This week we take a look at Network Time Protocol (NTP), Precision Time Protocol (PTP), Time Appliance Project (TAP), and Time as a Service (TaaS). We’re going to stay in the realm of time much larger than the ~11.8 inch distance that light can travel in a ns (aka a Grace Hopper “nanosecond”) but we will stay within the realm of the ~984 foot distance that light can travel in a µs (aka a Grace Hopper “microsecond”).
First, you might have noticed the recent piece in The New Yorker on the origins and implications of Network Timer Protocol (NTP).
In the YouTube video below, you can hear directly from the jolly old elf, David Mills, himself — you just fast forward to the 34m:50s mark for the NTP moment.1 Or, if you start from the beginning of the video and stay until the end you can also learn about the various foundational protocols that make consuming this newsletter possible on the device you are using to access it right now.
Second, in the world of quantified pursuits, there is an ongoing perceived need for greater repeatable outcomes in repeated measurements. We can refer to this quality of having closely grouped measurement using a simple word: precision.2
So, what happens when you need more precision in your network time protocols? Well, if you’re the IEEE, you’ve thought about that for quite some... 🤓 time.3
Third, you might ask a simple question. What’s in (or on) the cards?
A lot actually — and the software too4. As mentioned in Fudge Sunday previously, IIoT means there will be a growing number of use cases where Ultra-Reliable Low Latency Communications (URLLC) is required and the enablement barriers will be a fascinating study of when, not if, they will fall away.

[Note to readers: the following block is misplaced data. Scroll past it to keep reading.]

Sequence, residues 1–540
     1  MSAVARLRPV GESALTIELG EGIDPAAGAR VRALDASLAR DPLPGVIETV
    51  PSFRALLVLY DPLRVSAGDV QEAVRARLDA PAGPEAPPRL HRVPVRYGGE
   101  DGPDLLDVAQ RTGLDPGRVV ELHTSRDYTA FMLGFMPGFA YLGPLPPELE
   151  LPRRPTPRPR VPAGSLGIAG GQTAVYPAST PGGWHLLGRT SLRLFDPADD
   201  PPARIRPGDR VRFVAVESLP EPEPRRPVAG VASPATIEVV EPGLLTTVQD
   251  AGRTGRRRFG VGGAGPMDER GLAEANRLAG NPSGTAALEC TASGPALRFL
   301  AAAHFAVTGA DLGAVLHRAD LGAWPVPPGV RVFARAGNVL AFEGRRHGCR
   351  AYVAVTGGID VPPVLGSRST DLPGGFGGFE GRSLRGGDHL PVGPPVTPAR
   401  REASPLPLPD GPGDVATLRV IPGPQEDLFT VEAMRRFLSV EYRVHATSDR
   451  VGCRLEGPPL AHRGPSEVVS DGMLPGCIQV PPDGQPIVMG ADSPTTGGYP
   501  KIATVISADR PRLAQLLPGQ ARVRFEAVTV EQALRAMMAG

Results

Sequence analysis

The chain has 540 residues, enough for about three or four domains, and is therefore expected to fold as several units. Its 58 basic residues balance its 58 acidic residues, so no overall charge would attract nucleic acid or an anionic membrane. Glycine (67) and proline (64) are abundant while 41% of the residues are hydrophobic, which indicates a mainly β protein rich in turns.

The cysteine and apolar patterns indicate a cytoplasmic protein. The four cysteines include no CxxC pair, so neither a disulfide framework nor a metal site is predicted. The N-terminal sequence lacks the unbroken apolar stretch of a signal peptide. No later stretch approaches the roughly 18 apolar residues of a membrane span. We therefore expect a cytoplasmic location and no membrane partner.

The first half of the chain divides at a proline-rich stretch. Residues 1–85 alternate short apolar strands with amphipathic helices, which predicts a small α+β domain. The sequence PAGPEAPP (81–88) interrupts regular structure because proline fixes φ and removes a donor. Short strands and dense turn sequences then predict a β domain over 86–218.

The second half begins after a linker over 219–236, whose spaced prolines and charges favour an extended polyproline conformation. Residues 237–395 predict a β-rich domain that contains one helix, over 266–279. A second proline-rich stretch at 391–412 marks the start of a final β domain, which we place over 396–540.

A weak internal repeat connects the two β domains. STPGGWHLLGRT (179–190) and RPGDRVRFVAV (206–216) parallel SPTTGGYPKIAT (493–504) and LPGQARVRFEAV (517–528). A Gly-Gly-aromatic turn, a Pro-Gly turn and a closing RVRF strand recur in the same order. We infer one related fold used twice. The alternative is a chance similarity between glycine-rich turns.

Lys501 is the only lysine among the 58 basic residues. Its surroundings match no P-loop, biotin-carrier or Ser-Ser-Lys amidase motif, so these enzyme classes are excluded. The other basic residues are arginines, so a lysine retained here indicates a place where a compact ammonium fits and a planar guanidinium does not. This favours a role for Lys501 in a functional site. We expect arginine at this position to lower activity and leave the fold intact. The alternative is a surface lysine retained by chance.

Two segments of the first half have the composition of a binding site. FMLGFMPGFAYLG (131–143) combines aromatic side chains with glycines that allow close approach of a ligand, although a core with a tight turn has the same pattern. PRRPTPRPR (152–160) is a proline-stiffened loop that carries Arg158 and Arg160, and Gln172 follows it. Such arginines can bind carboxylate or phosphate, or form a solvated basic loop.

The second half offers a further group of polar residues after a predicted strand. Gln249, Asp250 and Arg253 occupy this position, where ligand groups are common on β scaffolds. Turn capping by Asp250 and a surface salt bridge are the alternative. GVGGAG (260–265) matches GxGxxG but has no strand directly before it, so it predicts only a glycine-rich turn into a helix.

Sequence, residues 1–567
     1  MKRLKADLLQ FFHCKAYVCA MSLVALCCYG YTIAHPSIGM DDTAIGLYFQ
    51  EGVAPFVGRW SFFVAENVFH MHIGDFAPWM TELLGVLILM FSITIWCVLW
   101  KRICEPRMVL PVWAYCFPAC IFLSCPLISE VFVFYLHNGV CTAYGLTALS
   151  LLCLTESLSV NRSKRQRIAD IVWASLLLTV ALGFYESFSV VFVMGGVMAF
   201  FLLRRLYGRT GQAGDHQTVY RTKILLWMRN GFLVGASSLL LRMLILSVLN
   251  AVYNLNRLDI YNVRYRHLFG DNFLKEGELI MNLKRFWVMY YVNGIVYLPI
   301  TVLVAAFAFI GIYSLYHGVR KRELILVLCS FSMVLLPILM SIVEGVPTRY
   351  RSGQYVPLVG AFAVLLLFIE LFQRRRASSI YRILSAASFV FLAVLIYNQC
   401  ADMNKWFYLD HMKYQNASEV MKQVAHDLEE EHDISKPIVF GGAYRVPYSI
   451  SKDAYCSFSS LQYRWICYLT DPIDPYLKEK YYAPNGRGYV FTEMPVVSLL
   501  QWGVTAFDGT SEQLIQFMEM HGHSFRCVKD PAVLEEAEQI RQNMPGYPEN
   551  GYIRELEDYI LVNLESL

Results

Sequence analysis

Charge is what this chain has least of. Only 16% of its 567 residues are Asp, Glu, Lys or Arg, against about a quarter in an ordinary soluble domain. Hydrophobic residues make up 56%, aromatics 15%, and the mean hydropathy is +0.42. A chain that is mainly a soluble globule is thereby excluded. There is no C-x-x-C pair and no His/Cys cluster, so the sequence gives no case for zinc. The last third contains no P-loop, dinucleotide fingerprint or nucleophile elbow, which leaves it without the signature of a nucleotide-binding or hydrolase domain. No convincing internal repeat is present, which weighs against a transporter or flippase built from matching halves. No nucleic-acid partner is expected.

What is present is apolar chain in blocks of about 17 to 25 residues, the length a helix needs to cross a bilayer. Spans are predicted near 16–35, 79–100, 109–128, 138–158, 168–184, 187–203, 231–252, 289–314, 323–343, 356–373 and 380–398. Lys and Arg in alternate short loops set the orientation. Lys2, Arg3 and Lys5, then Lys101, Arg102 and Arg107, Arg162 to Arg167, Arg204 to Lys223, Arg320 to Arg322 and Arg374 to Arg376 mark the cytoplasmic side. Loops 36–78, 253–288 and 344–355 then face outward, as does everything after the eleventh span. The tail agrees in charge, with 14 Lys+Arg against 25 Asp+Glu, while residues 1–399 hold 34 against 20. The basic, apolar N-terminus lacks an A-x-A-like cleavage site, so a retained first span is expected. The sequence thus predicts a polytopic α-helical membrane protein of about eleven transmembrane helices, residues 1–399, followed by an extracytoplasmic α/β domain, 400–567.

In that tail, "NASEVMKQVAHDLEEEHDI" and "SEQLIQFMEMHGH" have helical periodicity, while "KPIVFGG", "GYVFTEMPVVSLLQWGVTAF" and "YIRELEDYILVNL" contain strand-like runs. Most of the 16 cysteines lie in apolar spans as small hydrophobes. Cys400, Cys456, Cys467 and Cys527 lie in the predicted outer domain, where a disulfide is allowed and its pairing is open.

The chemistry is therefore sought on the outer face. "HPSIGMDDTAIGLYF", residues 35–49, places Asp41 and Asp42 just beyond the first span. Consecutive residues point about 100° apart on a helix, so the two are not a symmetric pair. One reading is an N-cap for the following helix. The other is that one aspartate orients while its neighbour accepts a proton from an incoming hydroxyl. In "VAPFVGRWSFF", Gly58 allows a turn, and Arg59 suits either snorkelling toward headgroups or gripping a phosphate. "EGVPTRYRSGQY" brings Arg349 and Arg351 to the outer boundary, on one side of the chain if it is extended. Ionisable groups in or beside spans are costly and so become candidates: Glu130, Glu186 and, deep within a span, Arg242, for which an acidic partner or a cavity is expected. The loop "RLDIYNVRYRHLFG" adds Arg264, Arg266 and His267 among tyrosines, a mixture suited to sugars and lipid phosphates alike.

Just consider that access to precision time protocol has come to the hobbyist community. Indeed… What a time to be alive! (pun intended)
Fourth, now, it's worth taking an open standard view for what we think of as a traditional datacenter and the microdatacenters that will be closer to us at the edge of the network. This video from Open Compute Project goes into more detail on the Time Appliance Project (TAP)5.
Fifth, there are already commercial options for Time as a Service (TaaS) in the ~50 µs accuracy6 range. Then again, sometimes the need for coordinating industrial outcomes means requirements closer to ~1 µs.
Of course, there are many other use cases where accuracy and precision are not as stringent of a requirement. There are also other considerations for use cases where leap seconds, smearing7, a good enough roughtime8, and other concepts can be explored.
Expect more TaaS and similar concepts to emerge when NTP, PTP, and time related concerns are considerations. For example, this year I noted these AWS [insert cool project name here] stats for re:Invent session catalog9 that will all have interesting time service considerations:
AWS Ground Station (2)
AWS Wavelength (3)
AWS Nitro Enclaves (6)
AWS Nitro System (9)
AWS Elemental (10)
AWS Local Zones (14)
AWS Outposts (24)
And at this point, you might be wondering about the human side of this topic. If so, consider the latency sensitivity of audio as compared to the latency sensitivity for video.
Check out this video from Stanford University on the human perception of milliseconds (ms) as compared to 1000s of µs.
Also, if you wonder how the time synchronization of audio and video streaming over IP networks could be handled, this is one reason why the Society of Motion Picture and Television Engineers exists. For example, SMPTE ST 211010 standards are what drives features for where PTP logically fits into services and solutions like AWS Elemental.
Now, imagine the next big use case that will challenge expectations for time sensitive networking. From what domain(s) will the use case originate?
Until next time… Place your bets!
As a reminder, I work at Taos, an IBM Company. If you’d like to learn more about Taos, please watch Tuning Up Your Cloud: Optimize Efficiencies to Manage Costs
I am linking to my disclosure.